Speech and music, effable and ineffable:

an extraordinary plenary session.

Participants: Jane Davidson, John Napier, Emery Schubert and Joe Wolfe

At the 7th International Conference on Music Perception and Cognition, an extraordinary plenary session was held to debate the topic Speech and Music, Effable and Ineffable.

    "Can we begin to answer the big questions in music by looking at the coding? Speech and music both use categorical perception, and thus have the advantages of digital communication and signal processing. But they digitise in complementary ways. In speech, phonemes are created by digitising aspects of timbre, whereas pitch and rhythm are analog variables. In music, pitch and rhythm are digitised, whereas timbre is the carrier signal."
The complete transcript of the debate is available in .pdf format. This page is a photographic record.

Joe Wolfe (at right) introduced the acoustic background to the debate. (That's Peter Keller operating operatic surtitles.)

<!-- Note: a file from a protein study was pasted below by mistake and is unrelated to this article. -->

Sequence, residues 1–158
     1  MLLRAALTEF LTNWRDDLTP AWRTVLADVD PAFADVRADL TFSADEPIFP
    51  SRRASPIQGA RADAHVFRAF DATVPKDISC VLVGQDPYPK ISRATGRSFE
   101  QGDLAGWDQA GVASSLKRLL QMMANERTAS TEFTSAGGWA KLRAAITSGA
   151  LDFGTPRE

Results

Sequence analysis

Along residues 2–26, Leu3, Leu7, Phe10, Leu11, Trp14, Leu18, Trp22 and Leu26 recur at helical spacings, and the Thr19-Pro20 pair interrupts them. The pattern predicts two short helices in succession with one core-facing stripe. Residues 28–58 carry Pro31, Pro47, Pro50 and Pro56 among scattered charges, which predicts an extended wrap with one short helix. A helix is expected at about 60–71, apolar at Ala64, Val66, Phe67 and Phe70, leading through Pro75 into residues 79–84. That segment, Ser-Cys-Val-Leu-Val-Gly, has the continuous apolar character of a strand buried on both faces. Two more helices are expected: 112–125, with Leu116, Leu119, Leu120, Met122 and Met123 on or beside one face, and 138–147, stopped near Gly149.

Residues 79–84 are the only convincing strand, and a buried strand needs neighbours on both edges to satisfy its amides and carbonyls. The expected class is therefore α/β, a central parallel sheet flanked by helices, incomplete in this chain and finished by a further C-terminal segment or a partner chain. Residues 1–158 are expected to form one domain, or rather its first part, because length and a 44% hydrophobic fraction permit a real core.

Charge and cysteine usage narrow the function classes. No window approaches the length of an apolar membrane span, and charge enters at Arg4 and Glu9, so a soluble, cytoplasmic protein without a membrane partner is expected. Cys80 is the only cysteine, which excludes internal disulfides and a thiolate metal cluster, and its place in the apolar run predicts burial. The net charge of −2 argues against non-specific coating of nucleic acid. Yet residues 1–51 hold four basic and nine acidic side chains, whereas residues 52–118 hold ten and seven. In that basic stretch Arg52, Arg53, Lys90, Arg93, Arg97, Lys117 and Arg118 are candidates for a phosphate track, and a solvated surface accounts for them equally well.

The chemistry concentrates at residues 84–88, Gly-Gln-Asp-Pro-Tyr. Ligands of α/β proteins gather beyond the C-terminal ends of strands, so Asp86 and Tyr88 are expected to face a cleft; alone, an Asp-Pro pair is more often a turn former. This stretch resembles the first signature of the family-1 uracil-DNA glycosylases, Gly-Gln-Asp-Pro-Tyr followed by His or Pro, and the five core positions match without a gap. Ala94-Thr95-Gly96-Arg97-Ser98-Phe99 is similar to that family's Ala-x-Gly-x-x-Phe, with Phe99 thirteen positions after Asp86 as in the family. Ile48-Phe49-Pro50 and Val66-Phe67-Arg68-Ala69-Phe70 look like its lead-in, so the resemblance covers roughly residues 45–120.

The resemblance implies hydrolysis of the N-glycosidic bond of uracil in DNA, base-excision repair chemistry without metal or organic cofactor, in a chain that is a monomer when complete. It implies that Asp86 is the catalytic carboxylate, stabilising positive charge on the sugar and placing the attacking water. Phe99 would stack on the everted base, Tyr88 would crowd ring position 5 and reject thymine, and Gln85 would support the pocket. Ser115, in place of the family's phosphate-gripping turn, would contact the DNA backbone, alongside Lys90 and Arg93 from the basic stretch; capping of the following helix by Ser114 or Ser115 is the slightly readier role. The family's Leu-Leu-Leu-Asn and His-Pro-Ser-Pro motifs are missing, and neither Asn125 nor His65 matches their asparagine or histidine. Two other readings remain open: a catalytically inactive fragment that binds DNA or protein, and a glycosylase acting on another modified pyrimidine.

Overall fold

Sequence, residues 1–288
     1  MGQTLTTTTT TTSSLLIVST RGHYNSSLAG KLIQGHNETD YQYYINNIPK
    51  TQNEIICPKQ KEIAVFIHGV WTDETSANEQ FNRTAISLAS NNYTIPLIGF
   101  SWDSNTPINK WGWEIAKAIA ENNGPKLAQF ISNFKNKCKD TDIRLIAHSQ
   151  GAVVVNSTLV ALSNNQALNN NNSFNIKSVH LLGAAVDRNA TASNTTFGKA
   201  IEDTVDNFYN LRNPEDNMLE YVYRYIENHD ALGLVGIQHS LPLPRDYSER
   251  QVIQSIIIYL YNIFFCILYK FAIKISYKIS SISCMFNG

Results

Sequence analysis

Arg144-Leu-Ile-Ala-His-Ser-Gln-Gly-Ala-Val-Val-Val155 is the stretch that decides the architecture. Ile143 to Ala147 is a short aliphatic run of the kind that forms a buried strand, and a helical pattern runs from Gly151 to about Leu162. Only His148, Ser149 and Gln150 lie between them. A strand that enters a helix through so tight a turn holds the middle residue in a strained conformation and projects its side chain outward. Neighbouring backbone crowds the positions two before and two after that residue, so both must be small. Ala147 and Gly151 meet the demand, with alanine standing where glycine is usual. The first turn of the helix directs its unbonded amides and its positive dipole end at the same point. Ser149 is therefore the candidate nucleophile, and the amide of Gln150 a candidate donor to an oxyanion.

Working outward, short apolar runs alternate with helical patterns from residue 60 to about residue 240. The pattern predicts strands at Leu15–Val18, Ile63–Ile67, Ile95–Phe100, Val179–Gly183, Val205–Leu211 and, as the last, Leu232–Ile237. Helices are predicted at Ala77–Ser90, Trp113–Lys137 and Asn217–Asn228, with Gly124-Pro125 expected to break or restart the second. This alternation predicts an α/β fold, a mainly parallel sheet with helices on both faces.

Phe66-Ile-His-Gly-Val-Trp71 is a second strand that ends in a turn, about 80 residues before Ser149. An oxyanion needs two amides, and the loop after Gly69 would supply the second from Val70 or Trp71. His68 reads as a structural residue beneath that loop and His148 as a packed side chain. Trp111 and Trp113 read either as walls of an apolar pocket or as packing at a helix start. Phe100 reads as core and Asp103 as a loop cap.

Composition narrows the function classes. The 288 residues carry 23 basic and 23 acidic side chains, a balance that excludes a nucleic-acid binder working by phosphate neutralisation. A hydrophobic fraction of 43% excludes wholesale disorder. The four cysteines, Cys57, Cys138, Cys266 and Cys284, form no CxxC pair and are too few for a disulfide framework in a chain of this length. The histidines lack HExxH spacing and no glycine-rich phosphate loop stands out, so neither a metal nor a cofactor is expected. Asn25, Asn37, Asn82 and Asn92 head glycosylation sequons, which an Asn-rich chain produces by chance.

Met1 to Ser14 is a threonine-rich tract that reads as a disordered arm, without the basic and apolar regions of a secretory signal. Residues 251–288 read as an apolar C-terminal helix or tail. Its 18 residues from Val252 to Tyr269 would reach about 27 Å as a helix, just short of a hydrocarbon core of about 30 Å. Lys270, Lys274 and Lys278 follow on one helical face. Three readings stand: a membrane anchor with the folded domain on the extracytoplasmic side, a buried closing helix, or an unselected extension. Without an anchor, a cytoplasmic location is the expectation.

photos from the debate   photos from the debate

photos from the debate


Because of its high redundancy, music can be readily compressed. John demonstrates some of the aesthetic and formal constraints leading to the redundancy and compressibility of music, using probe tones. Emery scores a perfect 10, whereas Joe's note seems to have gone off several scales:

photos from the debate   photos from the debate

The debate may have started with polite yawns, but the session departed from the ordinary. Especially when they all began to sing. Jane nails a high note, while Joe and Emery harmonise:

photos from the debate   photos from the debate

Kate Stevens and Peter Slezak were there, as were Carol Krumhansl and Pamela Davis.

photos from the debate   photos from the debate

Time for questions. A good time was had by all.

photos from the debate   photos from the debate

The complete score of the debate is available here in pdf form (390k). So is the scientific background paper. Sound files may be available eventually.

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